April 22-28 Is Crime Victims’ Rights Week: U.S. Attorney Says Victim Assistance Is At The Heart Of All Prosecutions
MINNEAPOLIS –U.S. Attorney B. Todd Jones today announced that this week is National
Crime Victims’ Rights Week. The theme of this year’s observance, “Extending the Vision,
Reaching Every Victim,” calls on us to expand the vision that inspired the movement and
celebrate the progress that has been achieved to date. The theme captures the spirit and resolve
needed to realize our goal of assisting each victim in need of help and hope.
“We federal prosecutors and civil litigators routinely stand before the Court and proudly
announce that they represent the interests of the United States,” Jones explained. “But just as
proudly, we support citizens who have been victimized by those who knowingly and willingly
violate federal law. Whether victims are youngsters exploited through child pornography or
senior citizens subjected to mortgage fraud schemes, we will aid them in their quest to become
whole again--emotionally as well as financially.”
Awareness of federal crime victims and the issues they face was greatly heightened in 2004,
with the enactment of the Crime Victims’ Right Act (“CVRA”). That act grants federal crime
victims certain enforceable rights during criminal proceedings, including the right to be heard in
court and the right to receive full and timely restitution as provided by law. Crime victims also
have the right to be notified of pertinent court events, such as indictment, trial, and sentencing. In
Fiscal Year 2010, U.S. Attorney Offices nationwide collectively notified federal crime victims of
nearly eight million case events. In the District of Minnesota alone, approximately 212,099 such
notices were provided.
The U.S. Attorney’s Office in the District of Minnesota has a dedicated Victim-Witness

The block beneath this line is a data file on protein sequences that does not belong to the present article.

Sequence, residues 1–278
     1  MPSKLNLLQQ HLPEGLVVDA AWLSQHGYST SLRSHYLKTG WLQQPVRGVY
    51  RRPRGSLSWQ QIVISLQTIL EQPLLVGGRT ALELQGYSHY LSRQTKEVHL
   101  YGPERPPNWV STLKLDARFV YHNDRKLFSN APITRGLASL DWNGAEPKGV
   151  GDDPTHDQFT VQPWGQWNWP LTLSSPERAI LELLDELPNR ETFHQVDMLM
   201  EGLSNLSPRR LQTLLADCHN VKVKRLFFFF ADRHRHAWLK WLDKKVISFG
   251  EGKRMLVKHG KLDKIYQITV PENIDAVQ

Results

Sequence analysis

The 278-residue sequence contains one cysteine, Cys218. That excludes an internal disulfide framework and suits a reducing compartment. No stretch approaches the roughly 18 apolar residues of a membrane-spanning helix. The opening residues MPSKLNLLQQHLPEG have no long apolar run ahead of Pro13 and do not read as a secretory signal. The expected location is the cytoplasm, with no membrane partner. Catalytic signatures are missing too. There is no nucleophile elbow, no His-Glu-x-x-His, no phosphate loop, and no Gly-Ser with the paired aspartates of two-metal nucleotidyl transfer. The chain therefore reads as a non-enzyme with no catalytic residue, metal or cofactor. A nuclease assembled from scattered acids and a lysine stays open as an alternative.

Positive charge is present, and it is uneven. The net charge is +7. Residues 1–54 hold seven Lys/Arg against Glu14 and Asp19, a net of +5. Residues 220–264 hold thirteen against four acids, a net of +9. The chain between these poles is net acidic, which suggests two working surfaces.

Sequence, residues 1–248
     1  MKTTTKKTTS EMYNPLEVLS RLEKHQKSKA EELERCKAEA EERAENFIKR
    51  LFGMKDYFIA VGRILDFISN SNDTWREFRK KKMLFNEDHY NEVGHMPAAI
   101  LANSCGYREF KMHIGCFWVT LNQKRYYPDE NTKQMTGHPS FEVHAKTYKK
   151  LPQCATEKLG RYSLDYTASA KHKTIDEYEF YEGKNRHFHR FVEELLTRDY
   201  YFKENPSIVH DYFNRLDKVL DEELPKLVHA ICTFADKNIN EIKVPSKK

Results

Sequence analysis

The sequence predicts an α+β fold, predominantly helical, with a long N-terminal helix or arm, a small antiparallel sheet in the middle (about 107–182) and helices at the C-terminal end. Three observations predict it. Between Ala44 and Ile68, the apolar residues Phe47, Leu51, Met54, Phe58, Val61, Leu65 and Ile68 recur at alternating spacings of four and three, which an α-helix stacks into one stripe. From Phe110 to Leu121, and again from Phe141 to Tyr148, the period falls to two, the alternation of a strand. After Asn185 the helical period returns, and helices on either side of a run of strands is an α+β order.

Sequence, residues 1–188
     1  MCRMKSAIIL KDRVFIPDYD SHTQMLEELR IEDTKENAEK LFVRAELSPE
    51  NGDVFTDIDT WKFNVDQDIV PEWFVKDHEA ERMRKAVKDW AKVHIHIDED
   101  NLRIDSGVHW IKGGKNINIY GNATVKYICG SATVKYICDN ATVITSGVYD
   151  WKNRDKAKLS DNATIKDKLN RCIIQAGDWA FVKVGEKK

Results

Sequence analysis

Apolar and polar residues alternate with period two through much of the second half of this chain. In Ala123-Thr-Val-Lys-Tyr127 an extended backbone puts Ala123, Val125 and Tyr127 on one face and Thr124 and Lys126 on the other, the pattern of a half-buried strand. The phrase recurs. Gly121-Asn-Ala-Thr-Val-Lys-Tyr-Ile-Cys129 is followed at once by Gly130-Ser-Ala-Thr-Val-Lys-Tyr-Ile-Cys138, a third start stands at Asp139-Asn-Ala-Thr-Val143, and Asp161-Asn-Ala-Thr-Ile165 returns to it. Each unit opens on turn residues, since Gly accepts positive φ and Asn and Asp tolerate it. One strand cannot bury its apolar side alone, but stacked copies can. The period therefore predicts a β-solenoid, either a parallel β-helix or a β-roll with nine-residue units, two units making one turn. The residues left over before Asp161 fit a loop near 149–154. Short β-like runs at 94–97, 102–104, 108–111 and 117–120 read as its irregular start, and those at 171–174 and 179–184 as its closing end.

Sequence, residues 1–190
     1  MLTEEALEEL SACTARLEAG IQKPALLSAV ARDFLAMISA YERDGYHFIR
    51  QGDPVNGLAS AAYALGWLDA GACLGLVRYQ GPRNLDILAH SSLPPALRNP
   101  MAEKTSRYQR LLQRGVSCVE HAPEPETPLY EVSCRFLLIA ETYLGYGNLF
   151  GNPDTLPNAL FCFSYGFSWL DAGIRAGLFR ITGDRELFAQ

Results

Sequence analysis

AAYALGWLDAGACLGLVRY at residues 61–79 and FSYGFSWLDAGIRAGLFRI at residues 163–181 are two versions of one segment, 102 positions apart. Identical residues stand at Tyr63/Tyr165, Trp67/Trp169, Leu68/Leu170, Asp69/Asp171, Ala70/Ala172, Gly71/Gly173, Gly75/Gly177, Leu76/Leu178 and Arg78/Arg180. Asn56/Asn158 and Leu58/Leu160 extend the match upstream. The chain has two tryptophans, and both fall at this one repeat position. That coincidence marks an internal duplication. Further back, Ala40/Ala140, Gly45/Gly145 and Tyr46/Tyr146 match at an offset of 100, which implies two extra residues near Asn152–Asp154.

team. In addition to ensuring compliance with victims’ rights, as set forth in federal statute, team
members accompany crime victims to court, make referrals for counseling, and assist in
accessing victim compensation funds. Nationally, in Fiscal Year 2010, an estimated 19,000 federal crime victims were accompanied to court and more than 23,000 were referred for victim
Another way in which U.S. Attorney’s offices assist federal crime victims is by recovering
the monetary losses incurred by them during the related crime. This is particularly important in
cases involving financial fraud, when victims often lose their retirement funds or their children’s
college money to a smooth-talking crook. Of course, the government cannot guarantee all losses
will be restored, but in Fiscal Year 2011, U.S. Attorney offices nationwide, through their
Financial Litigation Units, collected a total of $6.5 billion in federal restitution for crime victims.
During that time, the U.S. Attorney’s Office in the District of Minnesota collected approximately
$8.9 million for individual victims, while more than $700,000 was recovered for federal agencies
who had been victimized by criminal activity.
Finally, the federal government assists victims of violent crime by paying for related
expenses, such as lost wages, counseling, and medical costs. Moreover, that assistance is not
provided by tax dollars. Rather, the funds come from the federal Crime Victims Fund, which is
supported through the collection of criminal fines and penalties.
For more information about National Crime Victims’ Rights Week, visit